Respiratory conditions - quality prescribing strategy: improvement guide 2024 to 2027

Respiratory conditions are a major contributor to ill health, disability, and premature death – the most common conditions being asthma and COPD. This quality prescribing guide is designed to ensure people with respiratory conditions are at the centre of their treatment.

Appendix 1: Resources for clinicians and patients

My Lungs My Life

My Lungs My Life is a comprehensive, free website for anyone living with COPD, asthma or for parents/guardians of children with asthma. The resource is a collaboration between NHS, third sector and the University of Edinburgh.

In addition to general information regarding conditions, videos demonstrating technique on a number of the most commonly prescribed inhaler devices are provided. These may be considered useful when initiating or changing inhalers at a patient level.

Don’t Waste a Breath

The Don’t Waste a Breath website, developed by NHS Grampian, provides information for patients on inhaler technique and how to recycle inhalers. This website complements My Lungs My Life and is aimed directly at patients.

Personal Asthma Action Plans

There is substantial evidence to support the value of personalised actions plans for asthma in both adults and children. Clinicians should refer to local guidance and resources. Access a generic template from Asthma + Lung UK.

Stepping down of Chronic Asthma Drugs

Following a period of stable asthma, clinicians should consider stepping down treatment. The State of the Art Review ‘Why and how to step down chronic asthma drugs’ on the BMJ website provides a helpful reference source.

Charity Resources

The Chest Heart and Stroke Scotland website, the Asthma + Lung UK website and the Asthma and Allergy Foundation website have lots of information to support healthcare professionals and patients. There are patient leaflets, booklets and toolkits available for use and all have a patient helpline providing advice.


RESPe is a free online learning resource provided by CHSS working with the University of Edinburgh for all healthcare professionals.

Resources to assist GP practices to review environmentally friendly respiratory prescribing

Access PrescQIPP respiratory care resources and campaign materials (developed jointly by NHS England and PrescQIPP). PrescQIPP also showcase good practice examples of projects in respiratory care and signpost to self-care resources available for organisations to use to support their own respiratory care campaigns.

Patient information resources to support environmentally friendly prescribing are included in the resources listed with the PrescQIPP inhaler carbon footprint bulletin e.g. What should I do if I need to use my reliever inhaler often for my asthma? (See example 1 below)

Greener practice has a toolkit designed to help UK general practices improve asthma outcomes whilst also reducing carbon emissions. It contains step-by-step Quality Improvement (QI) projects. Project resources include downloadable searches, educational videos, templates and patient information (See example 2 below).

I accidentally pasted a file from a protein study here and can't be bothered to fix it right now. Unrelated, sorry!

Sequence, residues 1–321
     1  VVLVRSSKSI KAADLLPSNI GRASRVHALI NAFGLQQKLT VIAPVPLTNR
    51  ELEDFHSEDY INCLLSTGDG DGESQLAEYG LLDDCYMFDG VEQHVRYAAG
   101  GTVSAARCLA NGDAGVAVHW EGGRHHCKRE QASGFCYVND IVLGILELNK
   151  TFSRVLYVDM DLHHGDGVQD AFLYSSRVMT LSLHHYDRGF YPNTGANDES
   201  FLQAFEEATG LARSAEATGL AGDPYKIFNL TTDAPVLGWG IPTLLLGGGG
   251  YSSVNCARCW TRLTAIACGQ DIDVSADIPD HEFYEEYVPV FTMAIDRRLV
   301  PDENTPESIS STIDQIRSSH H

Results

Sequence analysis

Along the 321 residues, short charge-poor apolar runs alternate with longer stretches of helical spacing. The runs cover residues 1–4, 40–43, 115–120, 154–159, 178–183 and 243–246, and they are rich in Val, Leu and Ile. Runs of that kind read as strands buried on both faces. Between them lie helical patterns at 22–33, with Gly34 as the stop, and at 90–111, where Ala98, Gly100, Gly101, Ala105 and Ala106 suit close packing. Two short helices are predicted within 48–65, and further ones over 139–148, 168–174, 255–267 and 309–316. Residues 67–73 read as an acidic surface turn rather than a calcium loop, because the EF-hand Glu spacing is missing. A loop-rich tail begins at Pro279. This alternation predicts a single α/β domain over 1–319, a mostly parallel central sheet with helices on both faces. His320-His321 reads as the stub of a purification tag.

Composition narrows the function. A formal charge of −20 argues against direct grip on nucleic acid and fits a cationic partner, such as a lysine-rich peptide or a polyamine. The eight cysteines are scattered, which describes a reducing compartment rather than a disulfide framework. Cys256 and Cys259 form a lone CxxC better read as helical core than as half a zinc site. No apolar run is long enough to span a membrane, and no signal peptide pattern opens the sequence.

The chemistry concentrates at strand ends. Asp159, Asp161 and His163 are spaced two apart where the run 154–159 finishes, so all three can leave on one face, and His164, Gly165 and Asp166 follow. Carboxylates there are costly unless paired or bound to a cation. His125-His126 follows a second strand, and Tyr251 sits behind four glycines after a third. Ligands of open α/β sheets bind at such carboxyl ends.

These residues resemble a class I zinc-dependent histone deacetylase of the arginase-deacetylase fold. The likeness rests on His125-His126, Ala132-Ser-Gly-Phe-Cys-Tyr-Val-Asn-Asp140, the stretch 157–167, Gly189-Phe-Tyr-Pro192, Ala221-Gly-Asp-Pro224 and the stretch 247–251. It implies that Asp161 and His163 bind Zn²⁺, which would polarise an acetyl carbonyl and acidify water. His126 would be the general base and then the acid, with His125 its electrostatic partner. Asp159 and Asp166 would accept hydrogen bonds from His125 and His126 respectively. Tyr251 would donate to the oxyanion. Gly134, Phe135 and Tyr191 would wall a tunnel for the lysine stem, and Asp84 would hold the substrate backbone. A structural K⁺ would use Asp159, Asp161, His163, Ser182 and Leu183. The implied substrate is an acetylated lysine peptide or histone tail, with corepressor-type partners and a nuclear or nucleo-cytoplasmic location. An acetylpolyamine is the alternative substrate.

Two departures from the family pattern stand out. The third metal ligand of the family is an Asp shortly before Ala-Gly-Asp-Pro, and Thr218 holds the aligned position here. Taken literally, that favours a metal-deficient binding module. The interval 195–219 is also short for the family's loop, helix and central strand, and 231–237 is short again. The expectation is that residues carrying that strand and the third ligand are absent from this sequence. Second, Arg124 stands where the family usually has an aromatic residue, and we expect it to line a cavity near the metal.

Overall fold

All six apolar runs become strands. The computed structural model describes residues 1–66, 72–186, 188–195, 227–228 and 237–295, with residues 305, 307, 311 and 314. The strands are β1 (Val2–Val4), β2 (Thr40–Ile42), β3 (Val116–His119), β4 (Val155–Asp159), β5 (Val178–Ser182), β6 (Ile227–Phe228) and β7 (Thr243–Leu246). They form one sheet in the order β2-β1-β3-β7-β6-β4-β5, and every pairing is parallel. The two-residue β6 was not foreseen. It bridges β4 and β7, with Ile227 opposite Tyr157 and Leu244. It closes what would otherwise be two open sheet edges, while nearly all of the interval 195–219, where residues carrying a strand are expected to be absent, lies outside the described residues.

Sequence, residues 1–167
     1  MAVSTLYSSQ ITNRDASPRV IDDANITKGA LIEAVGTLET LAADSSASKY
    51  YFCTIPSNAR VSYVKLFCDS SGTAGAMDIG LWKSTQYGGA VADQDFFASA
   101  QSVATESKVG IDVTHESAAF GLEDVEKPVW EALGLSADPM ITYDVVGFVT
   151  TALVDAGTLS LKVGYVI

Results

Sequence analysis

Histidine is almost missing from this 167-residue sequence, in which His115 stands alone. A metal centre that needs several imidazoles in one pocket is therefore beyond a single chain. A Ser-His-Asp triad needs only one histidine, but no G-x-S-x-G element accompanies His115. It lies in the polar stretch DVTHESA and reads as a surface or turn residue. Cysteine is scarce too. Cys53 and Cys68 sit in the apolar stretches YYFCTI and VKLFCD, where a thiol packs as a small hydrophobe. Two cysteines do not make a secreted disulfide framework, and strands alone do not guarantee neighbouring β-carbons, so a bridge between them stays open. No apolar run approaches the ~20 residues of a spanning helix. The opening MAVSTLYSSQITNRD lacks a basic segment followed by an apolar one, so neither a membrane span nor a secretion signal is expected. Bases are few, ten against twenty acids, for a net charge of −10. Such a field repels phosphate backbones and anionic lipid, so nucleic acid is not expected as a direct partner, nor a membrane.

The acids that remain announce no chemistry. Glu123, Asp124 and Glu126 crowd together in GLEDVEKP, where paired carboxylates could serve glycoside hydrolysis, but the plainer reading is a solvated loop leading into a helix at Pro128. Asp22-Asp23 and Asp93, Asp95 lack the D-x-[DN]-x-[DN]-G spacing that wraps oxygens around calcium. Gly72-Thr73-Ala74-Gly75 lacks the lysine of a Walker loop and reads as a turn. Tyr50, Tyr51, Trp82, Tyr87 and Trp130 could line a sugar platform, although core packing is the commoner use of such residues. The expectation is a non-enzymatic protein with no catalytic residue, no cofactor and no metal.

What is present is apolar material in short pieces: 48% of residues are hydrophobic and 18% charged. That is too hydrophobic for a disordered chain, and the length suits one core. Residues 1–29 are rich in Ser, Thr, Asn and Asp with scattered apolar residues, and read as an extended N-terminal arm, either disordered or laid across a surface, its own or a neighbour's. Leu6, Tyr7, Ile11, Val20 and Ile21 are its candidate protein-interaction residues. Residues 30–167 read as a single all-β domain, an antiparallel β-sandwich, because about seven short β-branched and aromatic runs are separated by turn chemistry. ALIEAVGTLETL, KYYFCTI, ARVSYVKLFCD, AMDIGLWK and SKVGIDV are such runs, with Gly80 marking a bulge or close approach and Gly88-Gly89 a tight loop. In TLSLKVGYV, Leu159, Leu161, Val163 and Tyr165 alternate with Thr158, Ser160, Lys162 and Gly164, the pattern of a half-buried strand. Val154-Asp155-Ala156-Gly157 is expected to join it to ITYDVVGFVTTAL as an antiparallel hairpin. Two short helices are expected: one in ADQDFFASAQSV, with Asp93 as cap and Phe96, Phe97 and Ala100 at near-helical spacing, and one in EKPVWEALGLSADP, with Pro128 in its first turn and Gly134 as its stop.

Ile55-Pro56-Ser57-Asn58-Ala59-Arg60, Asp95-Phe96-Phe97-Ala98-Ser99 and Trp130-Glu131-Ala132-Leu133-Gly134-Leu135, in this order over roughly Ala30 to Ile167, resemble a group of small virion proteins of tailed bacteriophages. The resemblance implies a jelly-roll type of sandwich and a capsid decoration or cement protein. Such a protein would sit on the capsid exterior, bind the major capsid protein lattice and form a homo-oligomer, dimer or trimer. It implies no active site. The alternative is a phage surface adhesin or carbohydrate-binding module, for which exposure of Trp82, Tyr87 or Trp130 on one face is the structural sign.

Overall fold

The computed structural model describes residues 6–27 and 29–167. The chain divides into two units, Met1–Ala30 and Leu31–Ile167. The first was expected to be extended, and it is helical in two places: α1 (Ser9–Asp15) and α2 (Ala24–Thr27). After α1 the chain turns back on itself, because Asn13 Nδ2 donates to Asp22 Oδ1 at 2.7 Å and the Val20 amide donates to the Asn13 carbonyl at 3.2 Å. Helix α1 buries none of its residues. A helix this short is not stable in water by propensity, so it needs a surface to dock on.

The Royal College of General Practitioners (RCGP) Green Impact for Health toolkit has been developed and can help any general practice improve their sustainability and environmental impact; reduce their harmful impact on planetary health, the risks of climate change and reduce their practice expenses. It answers the question – ‘What can we do in our practice?’ and covers many aspects, including prescribing of inhalers.

The Centre for Sustainable Healthcare (CSH) offers strategic input and consultancy on sustainable healthcare research and practice to national and local programmes. There is a CSH network for Sustainable respiratory care with many resources and projects shared. Join the network to access their resources.

Example 1: Patient information leaflet focusing on SABA overreliance from PrescQIPP, which can be adapted for local use

What should I do if I need to use my reliever inhaler often for my asthma?

If you need to use your reliever inhaler for three or more days each week, then it may be a sign that your asthma is not well controlled.

Continue to use your reliever inhaler when you need it, and make a routine appointment at the GP surgery, so we can see if there is anything we can do to help you.

What can I also do to help myself?

  • make sure you use your preventer (treatment) inhaler every day even if you don’t have any symptoms. This should reduce how much you need to use your reliever inhaler.
  • look at your inhaler dose counter, if it has one, or think about ways to help you remember to use your inhaler.
  • check that you are using your inhaler correctly so that you get all the benefits from using your inhaler. You can read a leaflet or watch a video on how to use your inhaler.
  • follow your asthma action plan, which tells you what to do when your asthma symptoms are getting worse.

What is a reliever inhaler?

Reliever inhalers work quickly when you have symptoms like difficulty breathing, wheezing or coughing.

They contain a medicine that relaxes the muscles in your lungs and so opens your airways. This makes it easier to breathe and stops you from wheezing or coughing.

What is a preventer (treatment) inhaler?

Preventer (treatment) inhalers contain medicines what reduce any swelling or inflammation in your lungs making it easier to breathe.

They shield you from your asthma triggers.

Preventer inhalers should be taken every day as instructed on the label from your pharmacy.

Talk to your doctor, nurse or pharmacist if you are concerned about using an inhaler every day.

Example 2: Patient information leaflet from Greener Practice

View the leaflet ‘Inhalers and the environment – choosing an inhaler which is good for you and good for the planet’.



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